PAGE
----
Contributed photo/Center for Whale Research photo by Dave Ellifrit
                                J50 is tossed by J42 in 2015. J50 was presumed to be dead in September.

Contributed photo/Center for Whale Research photo by Dave Ellifrit J50 is tossed by J42 in 2015. J50 was presumed to be dead in September.

Governor’s task force releases draft plan to save local orcas

A state organization dedicated to protecting the area’s endangered orcas is one step closer to fulfilling its mission.

Washington state Gov. Jay Inslee’s Southern Resident Killer Whale Task Force released a draft plan on Sept. 24. The public can comment on the report until midnight, Oct. 7 at governor.wa.gov/orcareport. Members will review comments at their Oct. 17-18 meetings and their final plan is due by Nov. 16.

The draft plan states that the organization’s “goal is to ensure the ecosystem is healthy and resilient enough to support a thriving Southern resident orca population.” Members are coordinating with an orca recovery plan created by the National Marine Fisheries Service in 2008, which strives to create an average population growth rate of 2.3 percent per year for 28 years.

The draft plan projects for an increase of 10 whales within a decade by:

• Restoring sustainable populations of the orcas’ main food source, Chinook salmon, throughout the state.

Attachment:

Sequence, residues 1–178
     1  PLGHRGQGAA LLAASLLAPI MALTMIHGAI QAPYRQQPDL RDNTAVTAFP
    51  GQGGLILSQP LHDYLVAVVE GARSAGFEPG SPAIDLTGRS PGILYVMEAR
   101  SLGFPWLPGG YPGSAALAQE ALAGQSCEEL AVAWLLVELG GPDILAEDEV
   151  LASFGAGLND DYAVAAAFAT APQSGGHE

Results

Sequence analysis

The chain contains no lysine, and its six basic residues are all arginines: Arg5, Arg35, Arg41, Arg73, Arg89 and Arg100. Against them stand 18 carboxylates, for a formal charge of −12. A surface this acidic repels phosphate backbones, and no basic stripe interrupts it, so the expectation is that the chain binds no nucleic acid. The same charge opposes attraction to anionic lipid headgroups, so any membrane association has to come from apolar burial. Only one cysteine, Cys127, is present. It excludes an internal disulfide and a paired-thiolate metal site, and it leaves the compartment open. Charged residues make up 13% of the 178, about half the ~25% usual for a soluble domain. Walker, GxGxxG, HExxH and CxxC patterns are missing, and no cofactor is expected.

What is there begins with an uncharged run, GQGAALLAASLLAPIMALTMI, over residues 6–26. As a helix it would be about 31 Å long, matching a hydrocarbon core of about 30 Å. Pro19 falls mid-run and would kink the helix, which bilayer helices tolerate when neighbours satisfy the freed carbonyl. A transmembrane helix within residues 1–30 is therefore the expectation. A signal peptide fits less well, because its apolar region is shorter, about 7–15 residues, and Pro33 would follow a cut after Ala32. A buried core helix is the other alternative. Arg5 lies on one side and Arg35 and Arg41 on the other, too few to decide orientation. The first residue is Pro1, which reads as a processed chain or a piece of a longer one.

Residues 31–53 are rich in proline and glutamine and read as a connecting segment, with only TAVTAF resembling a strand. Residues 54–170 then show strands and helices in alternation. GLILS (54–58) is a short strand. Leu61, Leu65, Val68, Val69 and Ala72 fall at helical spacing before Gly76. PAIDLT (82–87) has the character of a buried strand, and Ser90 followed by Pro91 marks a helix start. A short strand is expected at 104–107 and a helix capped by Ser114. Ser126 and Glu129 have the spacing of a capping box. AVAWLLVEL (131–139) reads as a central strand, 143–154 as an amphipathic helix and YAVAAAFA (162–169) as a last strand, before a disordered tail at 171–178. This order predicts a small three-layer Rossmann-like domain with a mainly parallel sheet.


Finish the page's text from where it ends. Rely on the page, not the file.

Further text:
• Reducing the impacts of vessel noise and disturbance, which hinders the orcas’ ability to find food, rest and socialize.

• Reducing toxins in the ecosystem to improve the health of whales and their prey.

Last March, Inslee used an executive order to create the task force to protect both Southern resident killer whales and Chinook salmon.

County residents, including Center for Whale Research Founder Ken Balcomb, San Juan County Councilman Jamie Stephens and Washington state Sen. Kevin Ranker, D-Orcas Island, are part of the 46-member task force, which also includes members of the Canadian government and tribal leaders.

The task force’s website states that another report outlining the organization’s progress and lessons learned will be completed by Oct. 1, 2019.

With the recent death of an adolescent orca, J50, the endangered species population now totals 74 whales, the lowest number in almost 30 years.

Staff from the Center for Whale Research, located on San Juan, has counted the Southern resident killer whale population since 1976 when it was at its lowest at 71. The population reached today’s count at 74 around 1985 but peaked at 98 in 1995.

For more information on the task force, visit www.governor.wa.gov/issues/issues/energy-environment/southern-resident-killer-whale-recovery-and-task-force. Read the full draft plan below.